As the “Great Testing Mess of 2015” grinds on, one of the questions that’s been in the back of the education world’s collective mind is how a federal ESEA reauthorization might affect state’s situations. We’ve talked before about some of the weird politics behind the reauthorization effort, and I even speculated that things may not have been looking good after President Obama failed to even mention the possibility of an ESEA reauthorization in his State of the Union speech. Unfortunately, it looks like that speculation may have been on target.
Rick Hess, a conservative scholar at the American Enterprise Institute and one of my education policy heroes, posted a smart article earlier this week that takes a look at our ESEA prospects after last Friday’s congressional drama. For those who don’t know, House Republicans pulled back from a vote on Rep. John Kline’s HR 5, or the Student Success Act, after failing to garner enough support. Interestingly, a nearly identical bill did pass back in 2013.
So what happened? I’ll let Rick explain:
… Back in 2013, when the U.S. House passed the Student Success Act without much drama, I was surprised. I’d expected that a number of Tea Party conservatives (several dozen or more) would simply refuse to vote for anything that might be construed as ratifying a federal role in schooling. I was wrong. The bill sailed through.
Last Friday, pretty much the same bill was to be voted on by the House (if anything, it had a few improvements that should have also made it more attractive to conservatives worried about federal overreach). I thought it would coast through given an enhanced Republican majority, the GOP’s desire to show that it can legislate responsibly now that it controls the House and Senate, and the 2013 vote. Instead, leadership delayed the vote amidst furious pushback from the Tea Party wing and a complicated situation with funding for the Department of Homeland Security.
Given HR 5’s untimely pseudo-demise, many eduwonks have turned their hopes to the Senate, where Sen. Lamar Alexander is leading his own ESEA effort. But it’s not clear that anything coming out of the Senate will stand a chance in the House.
Congressional woes and complications may not be ESEA reauthorization’s only hurdle, either. President Obama may not sign such a reauthorization even if one made it to his desk, and it’s highly unlikely that a bill barely clinging to life in Congress will be able to garner enough support to override a veto.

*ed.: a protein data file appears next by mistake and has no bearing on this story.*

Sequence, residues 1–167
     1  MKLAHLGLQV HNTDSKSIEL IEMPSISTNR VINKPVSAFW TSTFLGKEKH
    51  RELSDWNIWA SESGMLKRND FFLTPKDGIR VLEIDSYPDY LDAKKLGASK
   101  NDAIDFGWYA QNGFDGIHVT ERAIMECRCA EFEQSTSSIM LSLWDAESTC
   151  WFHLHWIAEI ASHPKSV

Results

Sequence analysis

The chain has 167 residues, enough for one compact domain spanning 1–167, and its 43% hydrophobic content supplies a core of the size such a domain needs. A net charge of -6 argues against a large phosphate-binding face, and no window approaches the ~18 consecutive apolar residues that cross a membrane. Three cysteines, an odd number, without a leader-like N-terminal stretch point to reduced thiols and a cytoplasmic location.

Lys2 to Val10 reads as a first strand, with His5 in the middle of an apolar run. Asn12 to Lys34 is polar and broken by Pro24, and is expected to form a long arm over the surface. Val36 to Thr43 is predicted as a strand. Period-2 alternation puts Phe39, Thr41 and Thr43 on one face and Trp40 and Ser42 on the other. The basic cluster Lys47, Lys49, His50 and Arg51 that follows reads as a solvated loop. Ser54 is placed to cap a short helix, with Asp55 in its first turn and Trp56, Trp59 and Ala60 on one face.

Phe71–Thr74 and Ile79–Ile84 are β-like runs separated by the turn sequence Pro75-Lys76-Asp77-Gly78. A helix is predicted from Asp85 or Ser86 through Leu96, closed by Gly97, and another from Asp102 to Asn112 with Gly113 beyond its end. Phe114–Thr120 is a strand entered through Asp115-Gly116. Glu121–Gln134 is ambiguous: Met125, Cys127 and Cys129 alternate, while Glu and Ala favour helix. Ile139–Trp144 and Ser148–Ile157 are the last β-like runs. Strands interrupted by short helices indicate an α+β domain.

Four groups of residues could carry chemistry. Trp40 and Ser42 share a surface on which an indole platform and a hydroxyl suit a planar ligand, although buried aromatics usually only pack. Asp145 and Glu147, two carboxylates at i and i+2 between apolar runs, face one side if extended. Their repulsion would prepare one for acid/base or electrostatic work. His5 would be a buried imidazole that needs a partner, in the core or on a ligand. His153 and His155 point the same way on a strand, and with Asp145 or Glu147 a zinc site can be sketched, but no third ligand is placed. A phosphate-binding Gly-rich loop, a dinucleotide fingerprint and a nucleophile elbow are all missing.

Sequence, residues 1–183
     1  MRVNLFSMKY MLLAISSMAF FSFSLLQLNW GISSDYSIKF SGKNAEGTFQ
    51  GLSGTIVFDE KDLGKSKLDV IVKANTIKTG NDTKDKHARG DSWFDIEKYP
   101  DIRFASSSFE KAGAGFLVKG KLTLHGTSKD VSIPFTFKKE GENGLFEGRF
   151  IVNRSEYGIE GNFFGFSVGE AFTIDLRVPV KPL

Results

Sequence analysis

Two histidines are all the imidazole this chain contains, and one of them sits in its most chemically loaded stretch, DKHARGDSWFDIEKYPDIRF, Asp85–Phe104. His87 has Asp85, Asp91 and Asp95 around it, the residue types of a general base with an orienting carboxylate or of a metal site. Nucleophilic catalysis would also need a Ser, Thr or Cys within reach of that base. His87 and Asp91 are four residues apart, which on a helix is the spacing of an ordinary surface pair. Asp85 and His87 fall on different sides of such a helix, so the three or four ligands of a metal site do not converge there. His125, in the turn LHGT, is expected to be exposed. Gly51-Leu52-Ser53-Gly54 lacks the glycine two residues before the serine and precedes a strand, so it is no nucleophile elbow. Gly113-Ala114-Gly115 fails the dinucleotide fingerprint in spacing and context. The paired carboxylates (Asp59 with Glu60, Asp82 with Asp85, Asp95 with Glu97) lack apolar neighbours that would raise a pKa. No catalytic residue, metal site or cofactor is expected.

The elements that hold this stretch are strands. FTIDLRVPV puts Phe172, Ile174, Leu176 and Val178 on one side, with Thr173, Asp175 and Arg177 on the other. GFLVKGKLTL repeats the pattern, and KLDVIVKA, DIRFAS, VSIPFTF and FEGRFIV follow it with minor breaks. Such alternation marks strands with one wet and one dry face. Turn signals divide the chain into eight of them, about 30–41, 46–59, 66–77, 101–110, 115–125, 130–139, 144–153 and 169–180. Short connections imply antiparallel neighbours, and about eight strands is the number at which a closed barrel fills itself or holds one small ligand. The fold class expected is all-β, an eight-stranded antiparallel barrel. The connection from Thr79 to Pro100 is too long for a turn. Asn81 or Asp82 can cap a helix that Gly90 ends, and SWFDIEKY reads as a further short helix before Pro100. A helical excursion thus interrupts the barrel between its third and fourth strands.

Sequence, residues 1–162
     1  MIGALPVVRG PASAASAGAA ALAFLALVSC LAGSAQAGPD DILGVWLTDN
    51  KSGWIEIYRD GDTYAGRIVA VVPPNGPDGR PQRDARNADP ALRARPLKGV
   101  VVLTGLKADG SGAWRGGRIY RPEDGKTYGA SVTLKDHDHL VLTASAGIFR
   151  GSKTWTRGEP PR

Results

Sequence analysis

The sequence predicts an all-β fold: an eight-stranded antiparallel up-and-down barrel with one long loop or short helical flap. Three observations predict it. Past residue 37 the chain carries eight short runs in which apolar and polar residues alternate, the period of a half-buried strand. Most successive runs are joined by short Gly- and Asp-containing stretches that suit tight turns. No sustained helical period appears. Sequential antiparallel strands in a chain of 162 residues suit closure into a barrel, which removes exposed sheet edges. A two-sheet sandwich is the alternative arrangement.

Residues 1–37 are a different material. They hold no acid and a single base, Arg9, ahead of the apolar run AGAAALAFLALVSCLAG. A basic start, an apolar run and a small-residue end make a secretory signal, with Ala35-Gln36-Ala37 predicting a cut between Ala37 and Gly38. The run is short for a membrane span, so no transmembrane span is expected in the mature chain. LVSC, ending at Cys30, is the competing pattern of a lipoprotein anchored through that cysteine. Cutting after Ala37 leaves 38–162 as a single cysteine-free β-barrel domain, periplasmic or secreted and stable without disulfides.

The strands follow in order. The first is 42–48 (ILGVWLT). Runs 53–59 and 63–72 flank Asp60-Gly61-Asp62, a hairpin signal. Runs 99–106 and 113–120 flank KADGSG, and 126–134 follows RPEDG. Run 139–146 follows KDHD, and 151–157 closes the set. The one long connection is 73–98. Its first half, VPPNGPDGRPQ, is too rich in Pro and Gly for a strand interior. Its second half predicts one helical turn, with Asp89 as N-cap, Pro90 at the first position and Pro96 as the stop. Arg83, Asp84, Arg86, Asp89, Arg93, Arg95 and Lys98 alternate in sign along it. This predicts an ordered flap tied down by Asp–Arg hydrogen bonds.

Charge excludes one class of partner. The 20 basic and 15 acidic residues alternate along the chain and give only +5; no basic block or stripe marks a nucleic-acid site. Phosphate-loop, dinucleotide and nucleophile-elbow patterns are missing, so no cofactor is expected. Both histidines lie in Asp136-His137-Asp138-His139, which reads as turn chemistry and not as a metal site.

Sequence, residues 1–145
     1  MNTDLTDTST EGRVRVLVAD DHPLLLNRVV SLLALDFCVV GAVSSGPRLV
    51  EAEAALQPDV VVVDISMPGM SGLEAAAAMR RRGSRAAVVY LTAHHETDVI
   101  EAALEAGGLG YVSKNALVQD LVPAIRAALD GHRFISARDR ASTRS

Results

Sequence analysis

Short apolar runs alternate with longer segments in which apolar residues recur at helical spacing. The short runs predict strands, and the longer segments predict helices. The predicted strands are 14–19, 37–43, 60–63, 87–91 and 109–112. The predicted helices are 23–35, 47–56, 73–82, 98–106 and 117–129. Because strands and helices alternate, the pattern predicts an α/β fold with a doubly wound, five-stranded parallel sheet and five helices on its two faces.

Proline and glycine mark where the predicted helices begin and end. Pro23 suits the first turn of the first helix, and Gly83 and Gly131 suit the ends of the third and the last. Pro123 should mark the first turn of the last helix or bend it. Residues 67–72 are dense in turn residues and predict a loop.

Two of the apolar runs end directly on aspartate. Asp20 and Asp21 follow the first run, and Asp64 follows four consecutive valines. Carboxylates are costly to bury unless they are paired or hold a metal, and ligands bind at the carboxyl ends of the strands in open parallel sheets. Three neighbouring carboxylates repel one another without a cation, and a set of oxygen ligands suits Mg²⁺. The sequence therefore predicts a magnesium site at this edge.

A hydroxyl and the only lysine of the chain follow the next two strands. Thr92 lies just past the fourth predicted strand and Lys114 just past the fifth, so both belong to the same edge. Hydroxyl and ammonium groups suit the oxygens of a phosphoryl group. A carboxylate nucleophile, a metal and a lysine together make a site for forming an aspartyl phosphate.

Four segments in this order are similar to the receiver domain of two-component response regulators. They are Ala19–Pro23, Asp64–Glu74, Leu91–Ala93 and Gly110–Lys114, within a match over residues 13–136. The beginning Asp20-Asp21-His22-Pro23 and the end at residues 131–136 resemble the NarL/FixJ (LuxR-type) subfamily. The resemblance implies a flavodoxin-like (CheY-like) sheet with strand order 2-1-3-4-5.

… The administration seems to be signaling that it’s perfectly happy to sink any potential deal. The White House, Secretary of Education Arne Duncan, and their allies have spent the last couple weeks drawing lines in the sand, blasting House Republicans, manufacturing new demands (like addressing pre-K in ESEA), and finding all kinds of creative ways to accuse Republicans of unconcern for low-income children. The rhetoric has quickly gone beyond mere position-taking, infuriating some conservatives.
… It’s clear that the White House won’t even discuss a bill that’s actually capable of mustering GOP support in the House. And that House Republicans are not going to go for anything that satisfies the Obama administration. Thus, whatever the Senate ultimately does, I’m wondering whether it’d be possible to negotiate a bill that can pass the House and Senate while avoiding an Obama veto.
Ah, the American political machine in action. It brings tears to my little eyes, though perhaps not for the reasons it should.
Here’s the short version: ESEA reauthorization probably isn’t going to happen this year. That means that NCLB’s complicated web (and the use of weaponized waivers from that web) will continue into the foreseeable future. But as dad always says, it ain’t over ‘til it’s over. We’ve still got plenty of work to do on our end of the equation.